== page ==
My son has a mini Schnauzer that spins almost obsessively. Could this be a food problem?
I have not visited your site in a year (when I used it extensively for information on training for our rescue dog). Today I am intrigued by the dehydrated food info. My son has a mini schnauzer (1 yr old) with a very bad spinning problem...that is jumping up from a relaxed state ...spinning as if chasing her tail or trying to sniff her bottom....then sniffing the floor where she was just sitting. It is very sad to see this little girl obsessively spin sometimes for hours. There are times when nothing we can do will distract her. This behavior began after she was constipated for two days after her spay procedure and the vet shaved her anal area to clear it up. She has always been sensitive (throwing up, diarrhea) to lamb mixes etc. in dry food products, and after trying different ones we fed nutro for sensitive stomachs for a long time. In an effort to see if the problem is intestinal (we believe she may be passing gas when she jumps up and spins) we have been for two weeks now feeding only cooked chicken, rice, carrots and a little egg. We have seen no let up of her chronic behavior. The vets are saying it is a behavioral issue and want to put her on calming meds. We feel that it is a GI problem of some kind.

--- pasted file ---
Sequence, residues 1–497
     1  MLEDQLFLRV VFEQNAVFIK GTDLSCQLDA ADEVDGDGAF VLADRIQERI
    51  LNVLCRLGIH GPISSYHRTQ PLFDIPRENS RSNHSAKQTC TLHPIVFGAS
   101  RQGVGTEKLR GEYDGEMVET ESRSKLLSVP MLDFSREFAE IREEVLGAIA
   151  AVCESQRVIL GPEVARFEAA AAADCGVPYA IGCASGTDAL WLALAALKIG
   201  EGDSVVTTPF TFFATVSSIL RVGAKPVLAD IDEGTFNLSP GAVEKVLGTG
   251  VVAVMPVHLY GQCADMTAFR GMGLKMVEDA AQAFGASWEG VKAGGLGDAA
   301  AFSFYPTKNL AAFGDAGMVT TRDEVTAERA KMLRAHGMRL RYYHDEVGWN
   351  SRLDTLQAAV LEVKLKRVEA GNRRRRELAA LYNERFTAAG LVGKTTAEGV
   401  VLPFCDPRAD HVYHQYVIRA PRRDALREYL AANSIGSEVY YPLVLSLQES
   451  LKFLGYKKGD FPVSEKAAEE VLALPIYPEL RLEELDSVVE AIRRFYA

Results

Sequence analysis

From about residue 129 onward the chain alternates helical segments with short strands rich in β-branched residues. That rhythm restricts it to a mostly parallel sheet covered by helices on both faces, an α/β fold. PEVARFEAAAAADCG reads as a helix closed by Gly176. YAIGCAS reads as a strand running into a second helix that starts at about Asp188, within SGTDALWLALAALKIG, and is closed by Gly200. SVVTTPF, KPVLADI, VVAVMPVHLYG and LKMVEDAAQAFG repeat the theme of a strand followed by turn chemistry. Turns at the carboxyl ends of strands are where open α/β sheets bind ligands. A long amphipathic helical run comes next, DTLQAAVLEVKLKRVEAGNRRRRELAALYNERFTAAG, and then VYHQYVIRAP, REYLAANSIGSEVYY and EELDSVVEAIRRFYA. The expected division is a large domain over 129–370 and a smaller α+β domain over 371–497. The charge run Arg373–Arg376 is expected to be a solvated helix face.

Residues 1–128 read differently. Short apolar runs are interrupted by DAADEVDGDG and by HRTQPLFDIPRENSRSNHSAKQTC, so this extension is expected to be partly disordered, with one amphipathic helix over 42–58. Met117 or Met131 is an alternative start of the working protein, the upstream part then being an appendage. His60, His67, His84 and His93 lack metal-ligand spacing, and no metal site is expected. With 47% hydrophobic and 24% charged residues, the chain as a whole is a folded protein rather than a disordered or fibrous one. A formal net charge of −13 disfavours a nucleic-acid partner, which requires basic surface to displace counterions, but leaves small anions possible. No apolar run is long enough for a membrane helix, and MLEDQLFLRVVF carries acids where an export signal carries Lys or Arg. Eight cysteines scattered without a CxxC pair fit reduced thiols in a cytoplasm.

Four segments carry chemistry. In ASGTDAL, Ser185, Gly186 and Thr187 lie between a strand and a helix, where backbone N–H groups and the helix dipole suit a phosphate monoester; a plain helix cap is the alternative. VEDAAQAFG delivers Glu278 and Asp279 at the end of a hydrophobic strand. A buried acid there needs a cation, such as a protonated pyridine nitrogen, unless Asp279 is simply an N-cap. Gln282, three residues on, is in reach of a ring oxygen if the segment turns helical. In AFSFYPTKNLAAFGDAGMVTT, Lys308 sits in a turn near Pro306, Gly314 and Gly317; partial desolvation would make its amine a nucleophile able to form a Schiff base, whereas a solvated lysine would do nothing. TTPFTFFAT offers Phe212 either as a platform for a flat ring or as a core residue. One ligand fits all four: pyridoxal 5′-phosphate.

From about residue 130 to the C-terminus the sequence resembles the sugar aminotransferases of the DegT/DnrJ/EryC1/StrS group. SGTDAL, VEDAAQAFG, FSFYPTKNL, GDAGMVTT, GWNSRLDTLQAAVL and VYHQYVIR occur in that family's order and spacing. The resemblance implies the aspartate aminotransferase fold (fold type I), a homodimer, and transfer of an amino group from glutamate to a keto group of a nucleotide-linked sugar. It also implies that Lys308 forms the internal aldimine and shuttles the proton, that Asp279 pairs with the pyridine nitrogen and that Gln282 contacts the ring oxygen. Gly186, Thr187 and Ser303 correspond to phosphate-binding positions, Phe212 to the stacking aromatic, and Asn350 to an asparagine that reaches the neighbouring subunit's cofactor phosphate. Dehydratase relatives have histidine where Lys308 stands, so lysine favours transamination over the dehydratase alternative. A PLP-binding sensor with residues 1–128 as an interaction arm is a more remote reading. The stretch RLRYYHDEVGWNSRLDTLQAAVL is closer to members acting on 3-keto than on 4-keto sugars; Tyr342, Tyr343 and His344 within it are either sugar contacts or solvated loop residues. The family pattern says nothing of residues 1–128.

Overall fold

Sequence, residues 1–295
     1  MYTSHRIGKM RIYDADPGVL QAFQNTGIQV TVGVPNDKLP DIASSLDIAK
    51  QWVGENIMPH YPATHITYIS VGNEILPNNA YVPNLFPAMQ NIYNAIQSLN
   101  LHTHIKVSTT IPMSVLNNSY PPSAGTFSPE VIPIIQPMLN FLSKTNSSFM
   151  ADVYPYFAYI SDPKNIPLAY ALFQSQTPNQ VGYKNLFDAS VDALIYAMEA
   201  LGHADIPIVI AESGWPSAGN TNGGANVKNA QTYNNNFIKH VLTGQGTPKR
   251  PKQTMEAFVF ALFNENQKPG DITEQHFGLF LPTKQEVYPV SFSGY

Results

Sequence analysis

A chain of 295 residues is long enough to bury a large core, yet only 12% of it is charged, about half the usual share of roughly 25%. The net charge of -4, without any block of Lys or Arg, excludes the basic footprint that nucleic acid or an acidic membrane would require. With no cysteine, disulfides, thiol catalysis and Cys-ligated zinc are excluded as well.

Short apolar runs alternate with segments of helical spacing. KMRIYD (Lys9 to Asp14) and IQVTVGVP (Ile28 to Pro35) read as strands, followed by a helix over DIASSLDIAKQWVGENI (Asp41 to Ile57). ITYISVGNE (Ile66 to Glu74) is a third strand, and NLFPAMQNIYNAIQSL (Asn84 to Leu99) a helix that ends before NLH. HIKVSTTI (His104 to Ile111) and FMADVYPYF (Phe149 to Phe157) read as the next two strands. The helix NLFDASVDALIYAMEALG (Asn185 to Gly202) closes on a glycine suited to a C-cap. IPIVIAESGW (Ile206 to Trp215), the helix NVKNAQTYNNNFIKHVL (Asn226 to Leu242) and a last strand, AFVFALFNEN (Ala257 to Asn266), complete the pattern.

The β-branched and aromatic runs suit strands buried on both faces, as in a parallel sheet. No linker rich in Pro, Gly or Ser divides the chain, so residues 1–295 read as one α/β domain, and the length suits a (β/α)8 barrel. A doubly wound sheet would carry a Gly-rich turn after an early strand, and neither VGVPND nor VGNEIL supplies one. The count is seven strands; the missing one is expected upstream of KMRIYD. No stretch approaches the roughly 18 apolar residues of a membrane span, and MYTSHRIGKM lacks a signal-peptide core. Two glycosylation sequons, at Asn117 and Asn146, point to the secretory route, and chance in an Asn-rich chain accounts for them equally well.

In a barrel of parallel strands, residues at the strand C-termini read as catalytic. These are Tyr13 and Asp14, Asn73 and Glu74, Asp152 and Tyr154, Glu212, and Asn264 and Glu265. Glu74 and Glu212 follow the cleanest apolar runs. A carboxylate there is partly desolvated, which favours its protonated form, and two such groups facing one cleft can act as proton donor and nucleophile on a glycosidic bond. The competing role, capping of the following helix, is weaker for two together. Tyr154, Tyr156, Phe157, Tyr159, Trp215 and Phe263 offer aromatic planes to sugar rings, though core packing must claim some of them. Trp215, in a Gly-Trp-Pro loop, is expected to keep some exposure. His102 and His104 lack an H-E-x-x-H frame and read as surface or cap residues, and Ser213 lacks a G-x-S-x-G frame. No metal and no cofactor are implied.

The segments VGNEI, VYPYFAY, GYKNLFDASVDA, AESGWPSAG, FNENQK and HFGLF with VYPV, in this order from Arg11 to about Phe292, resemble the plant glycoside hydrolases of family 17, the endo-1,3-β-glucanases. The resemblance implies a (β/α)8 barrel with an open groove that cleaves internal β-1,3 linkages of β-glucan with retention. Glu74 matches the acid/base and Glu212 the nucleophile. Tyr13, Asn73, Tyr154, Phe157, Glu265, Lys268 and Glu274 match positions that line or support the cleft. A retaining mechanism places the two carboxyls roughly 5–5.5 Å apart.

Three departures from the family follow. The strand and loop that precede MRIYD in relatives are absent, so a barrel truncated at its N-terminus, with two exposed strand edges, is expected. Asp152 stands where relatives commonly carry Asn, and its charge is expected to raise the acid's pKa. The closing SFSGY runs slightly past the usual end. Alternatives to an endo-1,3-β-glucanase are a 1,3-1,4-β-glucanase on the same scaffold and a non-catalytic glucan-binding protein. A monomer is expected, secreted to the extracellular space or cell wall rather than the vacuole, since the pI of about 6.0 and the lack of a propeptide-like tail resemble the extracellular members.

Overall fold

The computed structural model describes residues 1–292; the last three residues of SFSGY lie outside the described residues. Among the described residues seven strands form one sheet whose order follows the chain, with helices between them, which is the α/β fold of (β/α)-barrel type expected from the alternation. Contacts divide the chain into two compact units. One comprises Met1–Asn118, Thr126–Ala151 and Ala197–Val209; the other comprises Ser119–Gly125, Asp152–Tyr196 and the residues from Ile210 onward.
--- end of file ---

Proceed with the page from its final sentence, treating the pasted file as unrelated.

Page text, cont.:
I have three questions.
1. Have you ever heard of this type of behavior? 2. Do you think it is possible she is intolerant of grains? 3. Do you know anything about supplements for the GI tract?
We may just go ahead and order some of the grain free chicken.
You must get a huge amount of e-mail... if you have any ideas on this issue I would be grateful for a reply to mine.
Did the vet check her anal glands? We have a Corgi that will spin around like a top if her glands are full and bothering her. It’s also possible that when he shaved her rear end he gave her a clipper burn. I was a groomer for over 15 years and was taught to never use clippers around the rectal area. I am sure if that’s the case she is just very uncomfortable.
To address the grain issue, I feel that no dog should eat grains. They serve no purpose other than as a filler and to cause aggravation for many dogs. Getting them out of the diet is a good thing, even if the dog doesn’t appear to have any issues with them.
I would not put her on calming meds, that’s not figuring out the problem, only masking it. Sometimes vets need a smack!
I have heard that slippery elm is a great supplement for GI upsets, you can google it to find out where to purchase. I know I have seen it at my health food store.